Cover image for Dangerous minds : Nietzsche, Heidegger, and the return of the far right
Title:
Dangerous minds : Nietzsche, Heidegger, and the return of the far right
Author:
Beiner, Ronald, 1953- author.
ISBN:
9780812250596
Edition:
1st edition.
Physical Description:
167 pages ; 23 cm
Contents:
Introduction : Nietzschean ideologies in the twenty-first century -- Reading Nietzsche in an age of resurgent fascism -- Reading Heidegger in an age of resurgent fascism -- Conclusion : how to do theory in politically treacherous times.
Abstract:
"Following the fall of the Berlin Wall and demise of the Soviet Union, prominent Western thinkers began to suggest that liberal democracy had triumphed decisively on the world stage. Having banished fascism in World War II, liberalism had now buried communism, and the result would be an end of major ideological conflicts, as liberal norms and institutions spread to every corner of the globe. With the Brexit vote in Great Britain, the resurgence of right-wing populist parties across the European continent, and the surprising ascent of Donald Trump to the American presidency, such hopes have begun to seem hopelessly naïve. The far right is back, and serious rethinking is in order. In Dangerous Minds, Ronald Beiner traces the deepest philosophical roots of such right-wing ideologues as Richard Spencer, Aleksandr Dugin, and Steve Bannon to the writings of Nietzsche and Heidegger—and specifically to the aspects of their thought that express revulsion for the liberal-democratic view of life. Beiner contends that Nietzsche's hatred and critique of bourgeois, egalitarian societies has engendered new disciples on the populist right who threaten to overturn the modern liberal consensus. Heidegger, no less than Nietzsche, thoroughly rejected the moral and political values that arose during the Enlightenment and came to power in the wake of the French Revolution. Understanding Heideggerian dissatisfaction with modernity, and how it functions as a philosophical magnet for those most profoundly alienated from the reigning liberal-democratic order, Beiner argues, will give us insight into the recent and unexpected return of the far right. Beiner does not deny that Nietzsche and Heidegger are important thinkers; nor does he seek to expel them from the history of philosophy. But he does advocate that we rigorously engage with their influential thought in light of current events—and he suggests that we place their severe critique of modern liberal ideals at the center of this engagement."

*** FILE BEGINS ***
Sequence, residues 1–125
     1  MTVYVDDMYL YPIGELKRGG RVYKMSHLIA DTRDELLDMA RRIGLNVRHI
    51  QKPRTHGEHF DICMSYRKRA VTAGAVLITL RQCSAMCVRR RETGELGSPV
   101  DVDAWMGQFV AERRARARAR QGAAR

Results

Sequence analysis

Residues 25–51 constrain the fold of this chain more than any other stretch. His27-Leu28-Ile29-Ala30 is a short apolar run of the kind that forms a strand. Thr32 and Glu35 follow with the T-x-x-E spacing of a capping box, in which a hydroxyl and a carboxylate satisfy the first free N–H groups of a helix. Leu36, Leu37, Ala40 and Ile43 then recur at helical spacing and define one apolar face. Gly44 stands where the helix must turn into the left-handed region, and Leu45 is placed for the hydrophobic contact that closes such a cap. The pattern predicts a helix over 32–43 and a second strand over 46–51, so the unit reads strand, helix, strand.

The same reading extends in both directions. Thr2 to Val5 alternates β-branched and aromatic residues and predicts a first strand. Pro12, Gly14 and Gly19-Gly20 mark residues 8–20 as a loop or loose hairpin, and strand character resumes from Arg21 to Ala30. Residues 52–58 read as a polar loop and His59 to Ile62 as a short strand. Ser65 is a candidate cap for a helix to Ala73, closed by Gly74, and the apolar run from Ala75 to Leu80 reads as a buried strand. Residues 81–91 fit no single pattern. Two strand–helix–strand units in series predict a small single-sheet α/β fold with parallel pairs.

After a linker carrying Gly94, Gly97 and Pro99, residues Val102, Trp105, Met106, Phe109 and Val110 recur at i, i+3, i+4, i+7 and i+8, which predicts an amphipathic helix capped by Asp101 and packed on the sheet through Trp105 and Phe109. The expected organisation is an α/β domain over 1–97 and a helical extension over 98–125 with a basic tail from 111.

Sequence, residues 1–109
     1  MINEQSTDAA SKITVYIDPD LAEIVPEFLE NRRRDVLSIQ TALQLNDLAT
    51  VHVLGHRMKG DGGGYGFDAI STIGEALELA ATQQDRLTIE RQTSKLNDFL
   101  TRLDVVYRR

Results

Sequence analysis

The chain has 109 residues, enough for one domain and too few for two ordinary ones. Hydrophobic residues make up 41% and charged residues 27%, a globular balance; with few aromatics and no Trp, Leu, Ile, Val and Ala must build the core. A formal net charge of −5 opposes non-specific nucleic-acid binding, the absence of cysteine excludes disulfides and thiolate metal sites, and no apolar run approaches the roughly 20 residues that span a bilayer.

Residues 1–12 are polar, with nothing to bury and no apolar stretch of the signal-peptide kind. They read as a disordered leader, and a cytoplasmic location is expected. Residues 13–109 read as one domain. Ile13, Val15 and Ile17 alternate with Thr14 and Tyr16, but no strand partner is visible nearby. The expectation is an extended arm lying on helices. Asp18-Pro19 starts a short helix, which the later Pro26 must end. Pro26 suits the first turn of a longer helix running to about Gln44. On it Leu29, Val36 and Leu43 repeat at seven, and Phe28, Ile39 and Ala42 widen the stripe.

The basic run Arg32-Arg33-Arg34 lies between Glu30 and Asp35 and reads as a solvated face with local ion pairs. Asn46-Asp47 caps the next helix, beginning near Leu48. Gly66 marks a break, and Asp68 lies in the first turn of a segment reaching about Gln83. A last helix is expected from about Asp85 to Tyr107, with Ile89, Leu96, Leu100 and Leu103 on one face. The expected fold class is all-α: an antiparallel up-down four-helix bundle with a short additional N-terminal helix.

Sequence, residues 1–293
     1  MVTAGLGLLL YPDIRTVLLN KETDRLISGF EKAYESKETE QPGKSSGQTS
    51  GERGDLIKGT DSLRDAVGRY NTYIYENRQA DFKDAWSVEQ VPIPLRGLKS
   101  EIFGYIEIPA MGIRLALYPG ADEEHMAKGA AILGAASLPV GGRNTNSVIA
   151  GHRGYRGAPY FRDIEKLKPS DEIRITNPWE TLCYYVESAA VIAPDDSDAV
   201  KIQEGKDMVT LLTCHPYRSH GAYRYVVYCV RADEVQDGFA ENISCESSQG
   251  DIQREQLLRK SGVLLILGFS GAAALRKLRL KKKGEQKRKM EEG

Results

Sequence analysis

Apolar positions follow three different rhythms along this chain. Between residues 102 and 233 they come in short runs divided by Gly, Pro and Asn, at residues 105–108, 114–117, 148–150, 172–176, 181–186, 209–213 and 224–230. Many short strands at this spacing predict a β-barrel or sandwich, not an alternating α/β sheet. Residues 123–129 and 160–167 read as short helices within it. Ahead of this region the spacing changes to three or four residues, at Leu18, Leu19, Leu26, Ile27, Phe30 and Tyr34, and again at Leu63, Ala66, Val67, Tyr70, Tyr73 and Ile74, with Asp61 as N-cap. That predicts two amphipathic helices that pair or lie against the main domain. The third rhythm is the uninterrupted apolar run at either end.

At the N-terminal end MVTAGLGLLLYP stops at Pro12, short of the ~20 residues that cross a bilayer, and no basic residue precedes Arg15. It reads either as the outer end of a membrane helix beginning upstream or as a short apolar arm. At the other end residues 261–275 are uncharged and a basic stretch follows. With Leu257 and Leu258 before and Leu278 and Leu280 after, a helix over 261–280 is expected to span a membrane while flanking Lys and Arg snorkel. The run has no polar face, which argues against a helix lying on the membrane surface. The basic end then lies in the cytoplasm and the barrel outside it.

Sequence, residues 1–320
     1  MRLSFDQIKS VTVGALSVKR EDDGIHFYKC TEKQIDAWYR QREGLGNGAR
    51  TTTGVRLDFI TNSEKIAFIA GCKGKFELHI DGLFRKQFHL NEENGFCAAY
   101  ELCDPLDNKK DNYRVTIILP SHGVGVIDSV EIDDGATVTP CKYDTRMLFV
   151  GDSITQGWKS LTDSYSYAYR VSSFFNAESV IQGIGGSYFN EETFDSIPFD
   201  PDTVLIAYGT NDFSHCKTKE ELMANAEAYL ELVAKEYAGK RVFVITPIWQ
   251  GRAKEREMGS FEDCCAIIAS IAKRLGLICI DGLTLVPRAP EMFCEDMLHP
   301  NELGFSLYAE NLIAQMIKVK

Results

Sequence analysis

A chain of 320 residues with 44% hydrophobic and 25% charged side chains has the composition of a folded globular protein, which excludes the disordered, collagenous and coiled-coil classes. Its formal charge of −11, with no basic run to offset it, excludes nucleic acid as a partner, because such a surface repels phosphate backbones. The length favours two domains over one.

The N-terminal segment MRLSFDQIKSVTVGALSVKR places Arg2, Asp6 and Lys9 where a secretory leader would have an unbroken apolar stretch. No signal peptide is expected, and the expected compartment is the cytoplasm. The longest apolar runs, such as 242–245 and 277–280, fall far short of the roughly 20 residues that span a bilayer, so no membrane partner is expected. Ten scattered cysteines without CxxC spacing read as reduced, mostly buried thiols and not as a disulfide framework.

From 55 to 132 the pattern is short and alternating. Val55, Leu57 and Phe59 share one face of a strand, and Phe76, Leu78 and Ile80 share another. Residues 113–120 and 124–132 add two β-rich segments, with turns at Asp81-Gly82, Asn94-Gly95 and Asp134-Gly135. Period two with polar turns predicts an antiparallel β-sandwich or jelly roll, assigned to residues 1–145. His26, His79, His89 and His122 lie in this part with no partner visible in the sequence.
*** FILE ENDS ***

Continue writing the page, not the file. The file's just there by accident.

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Summary

Summary

Following the fall of the Berlin Wall and demise of the Soviet Union, prominent Western thinkers began to suggest that liberal democracy had triumphed decisively on the world stage. Having banished fascism in World War II, liberalism had now buried communism, and the result would be an end of major ideological conflicts, as liberal norms and institutions spread to every corner of the globe. With the Brexit vote in Great Britain, the resurgence of right-wing populist parties across the European continent, and the surprising ascent of Donald Trump to the American presidency, such hopes have begun to seem hopelessly naïve. The far right is back, and serious rethinking is in order.

In Dangerous Minds , Ronald Beiner traces the deepest philosophical roots of such right-wing ideologues as Richard Spencer, Aleksandr Dugin, and Steve Bannon to the writings of Nietzsche and Heidegger--and specifically to the aspects of their thought that express revulsion for the liberal-democratic view of life. Beiner contends that Nietzsche's hatred and critique of bourgeois, egalitarian societies has engendered new disciples on the populist right who threaten to overturn the modern liberal consensus. Heidegger, no less than Nietzsche, thoroughly rejected the moral and political values that arose during the Enlightenment and came to power in the wake of the French Revolution. Understanding Heideggerian dissatisfaction with modernity, and how it functions as a philosophical magnet for those most profoundly alienated from the reigning liberal-democratic order, Beiner argues, will give us insight into the recent and unexpected return of the far right.

Beiner does not deny that Nietzsche and Heidegger are important thinkers; nor does he seek to expel them from the history of philosophy. But he does advocate that we rigorously engage with their influential thought in light of current events--and he suggests that we place their severe critique of modern liberal ideals at the center of this engagement.


Table of Contents

Introduction: Nietzschean Ideologies in the Twenty-First Centuryp. 1
Chapter 1 Reading Nietzsche in an Age of Resurgent Fascismp. 15
Chapter 2 Reading Heidegger in an Age of Resurgent Fascismp. 65
Conclusion: How to Do Theory in Politically Treacherous Timesp. 121
Notesp. 135
Acknowledgmentsp. 167